Friday marked 72 years since the liberation of Auschwitz concentration camp in 1945. Since 2001, Holocaust Memorial Day (HMD) has taken place in the UK; a day dedicated to the remembrance of those who were killed in the Holocaust and subsequent genocides in Cambodia, Rwanda, Bosnia and Darfur.
‘How can life go on?’ is the theme of this year’s Holocaust Memorial Day. How did life continue for the survivors of the Holocaust? For those involved it must still feel impossible to come to terms with what happened. But it is our responsibility to rebuild and unite, ensuring that life can go on for those who survived and continue to survive genocides. Yet we must ask ourselves the question: are we taking responsibility today?
There are hundreds of stories of individuals who survived the Holocaust. No story is the same as the next. But what these survivors have in common is that in the face of extreme prejudice, discrimination, and ultimately extermination, they lived, and therefore they won.
Even so, however, following the Holocaust, there were Jews, LGBT people, disabled people, political dissidents and countless other victims of Nazi persecution who had been displaced from their homes with nowhere to go, many with no family to continue their life with. Many needed urgent medical support, both physical and mental. In the immediate aftermath of the Holocaust, it wasn’t simply a question of how, it was also a question of where must life go on.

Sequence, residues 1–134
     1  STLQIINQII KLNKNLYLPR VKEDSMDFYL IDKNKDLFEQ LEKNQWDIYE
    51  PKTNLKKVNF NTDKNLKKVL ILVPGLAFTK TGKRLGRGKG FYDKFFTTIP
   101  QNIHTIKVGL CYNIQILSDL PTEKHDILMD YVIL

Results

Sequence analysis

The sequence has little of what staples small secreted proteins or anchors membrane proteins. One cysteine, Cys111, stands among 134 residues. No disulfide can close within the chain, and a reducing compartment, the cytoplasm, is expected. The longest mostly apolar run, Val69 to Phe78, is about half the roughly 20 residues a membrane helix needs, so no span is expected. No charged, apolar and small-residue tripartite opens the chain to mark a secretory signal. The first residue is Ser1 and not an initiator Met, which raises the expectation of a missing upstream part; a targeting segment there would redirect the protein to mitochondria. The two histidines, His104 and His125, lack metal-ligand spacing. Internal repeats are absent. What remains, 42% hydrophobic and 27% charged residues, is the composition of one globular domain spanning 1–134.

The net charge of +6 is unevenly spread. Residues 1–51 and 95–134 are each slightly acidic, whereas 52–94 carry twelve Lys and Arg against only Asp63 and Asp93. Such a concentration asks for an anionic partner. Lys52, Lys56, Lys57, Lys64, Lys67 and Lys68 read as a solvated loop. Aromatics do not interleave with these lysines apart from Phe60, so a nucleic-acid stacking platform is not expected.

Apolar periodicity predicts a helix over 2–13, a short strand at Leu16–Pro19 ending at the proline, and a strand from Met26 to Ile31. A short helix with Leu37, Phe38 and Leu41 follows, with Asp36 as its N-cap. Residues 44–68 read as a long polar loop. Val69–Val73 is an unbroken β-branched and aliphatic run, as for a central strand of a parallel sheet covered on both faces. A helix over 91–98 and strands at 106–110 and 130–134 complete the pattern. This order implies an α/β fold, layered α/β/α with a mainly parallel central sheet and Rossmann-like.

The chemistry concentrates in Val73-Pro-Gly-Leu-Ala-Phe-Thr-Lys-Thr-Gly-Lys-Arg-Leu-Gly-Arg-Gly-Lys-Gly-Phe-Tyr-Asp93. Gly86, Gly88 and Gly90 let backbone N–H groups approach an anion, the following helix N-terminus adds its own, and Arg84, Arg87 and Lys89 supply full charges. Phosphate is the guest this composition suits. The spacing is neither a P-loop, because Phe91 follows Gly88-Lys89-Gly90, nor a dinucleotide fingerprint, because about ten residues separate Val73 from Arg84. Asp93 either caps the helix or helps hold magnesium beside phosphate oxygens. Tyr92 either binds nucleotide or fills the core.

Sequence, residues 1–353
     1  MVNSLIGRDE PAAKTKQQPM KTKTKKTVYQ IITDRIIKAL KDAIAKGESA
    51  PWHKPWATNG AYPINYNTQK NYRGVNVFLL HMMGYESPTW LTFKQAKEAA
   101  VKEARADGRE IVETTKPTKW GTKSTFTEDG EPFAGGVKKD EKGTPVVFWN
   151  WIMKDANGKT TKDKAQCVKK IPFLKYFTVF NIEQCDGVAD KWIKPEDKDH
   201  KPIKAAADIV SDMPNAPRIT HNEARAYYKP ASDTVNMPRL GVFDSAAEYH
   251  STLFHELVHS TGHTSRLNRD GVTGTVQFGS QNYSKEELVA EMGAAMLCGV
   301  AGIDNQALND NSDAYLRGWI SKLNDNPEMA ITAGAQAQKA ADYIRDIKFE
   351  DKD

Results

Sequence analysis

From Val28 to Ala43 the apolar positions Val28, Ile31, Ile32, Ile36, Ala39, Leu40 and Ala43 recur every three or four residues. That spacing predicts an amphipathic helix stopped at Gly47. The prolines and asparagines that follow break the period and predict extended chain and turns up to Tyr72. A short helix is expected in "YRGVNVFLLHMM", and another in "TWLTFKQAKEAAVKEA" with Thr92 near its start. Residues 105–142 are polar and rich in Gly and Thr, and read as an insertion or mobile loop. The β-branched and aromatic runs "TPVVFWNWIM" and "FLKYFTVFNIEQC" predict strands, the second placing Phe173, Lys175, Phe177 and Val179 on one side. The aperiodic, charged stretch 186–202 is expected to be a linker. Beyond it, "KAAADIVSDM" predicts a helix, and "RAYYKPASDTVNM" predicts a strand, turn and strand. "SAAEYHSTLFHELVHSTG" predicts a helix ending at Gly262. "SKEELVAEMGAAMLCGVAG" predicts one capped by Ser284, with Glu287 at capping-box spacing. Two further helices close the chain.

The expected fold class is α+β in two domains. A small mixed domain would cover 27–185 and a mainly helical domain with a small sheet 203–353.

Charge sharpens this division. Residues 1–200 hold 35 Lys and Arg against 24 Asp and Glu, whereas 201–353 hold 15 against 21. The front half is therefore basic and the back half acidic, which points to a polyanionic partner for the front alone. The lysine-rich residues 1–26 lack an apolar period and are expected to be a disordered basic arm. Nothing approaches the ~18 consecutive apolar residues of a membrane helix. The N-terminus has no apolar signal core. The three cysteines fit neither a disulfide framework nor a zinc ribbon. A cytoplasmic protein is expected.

Having witnessed and been subjected to the atrocities of the Holocaust, many survivors found it difficult to continue their life as normal in the years that followed. Having had their mothers, fathers, sons, and daughters, torn away from them, how could one return to normality? Survival isn’t simply about mending broken bones, bandaging up wounds, or adapting to your new surroundings. Survival is about learning to live again, but for many survivors of the Holocaust, learning to live was the most difficult and traumatic part of their experience.
Although it has taken time for survivors of the Holocaust to rebuild and feel comfortable to remember, 70 years on we are incredibly fortunate to be able to witness survivors sharing their stories with people of all ages. I have been researching and reading many accounts for this article and I urge you to hear, watch or read the stories of those who are still with us today. It is our responsibility to ensure that life does go on, remembering the atrocities that took place but crucially learning the lessons in order to apply them to our lives today.